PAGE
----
You say in your post you are not getting good shots of birds. So far we have talked about having a long enough focal length lens to get frame filling shots of the bird. Is this the main problem or are you getting out of focus shots or blurred images? Birds, particularly in flight, can be quite challenging both to follow in the viewfinder and for the autofocus system. If a high percentage of your shots are out of focus on flight shots is the camera's autofocus set up to give you the best results? Autofocus systems are complex with many options. Setting the system up in particular ways can really increase the the percentage of good images you get. There is some good Nikon-centric advice here:
The other thing to think about is support. Long telephotos really amplify movement. Camera shake is a real issue so keep shutter speed as high as you can and consider a tripod. Take a look here:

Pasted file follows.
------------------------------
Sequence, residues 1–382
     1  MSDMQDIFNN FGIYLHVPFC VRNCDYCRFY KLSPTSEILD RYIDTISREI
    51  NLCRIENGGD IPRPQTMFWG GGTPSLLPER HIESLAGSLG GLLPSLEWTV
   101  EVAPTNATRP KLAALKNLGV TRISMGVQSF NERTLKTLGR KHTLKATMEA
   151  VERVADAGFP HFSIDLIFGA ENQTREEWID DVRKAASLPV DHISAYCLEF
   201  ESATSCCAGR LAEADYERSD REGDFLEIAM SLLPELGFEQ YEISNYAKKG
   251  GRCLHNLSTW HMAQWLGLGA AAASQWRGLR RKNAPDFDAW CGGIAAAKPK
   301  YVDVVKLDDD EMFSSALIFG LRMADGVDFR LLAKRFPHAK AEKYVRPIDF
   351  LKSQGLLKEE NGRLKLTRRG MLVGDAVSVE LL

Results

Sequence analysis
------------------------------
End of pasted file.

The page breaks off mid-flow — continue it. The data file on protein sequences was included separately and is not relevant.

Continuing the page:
As I said about big lenses a tripod is a must. These lenses are physically heavy so difficult to hand hold but having a stable tripod will significantly increase the percentage of 'keepers'. Again if you are serious get a good tripod to start with. I did what Thom talks about, you get a big lens, then realise you need a tripod so you get a cheap one. Find it is not that good so you get a better one then you finally buy a great one like a Gitzo. Again it depends on how serious you are and how deep your pockets are.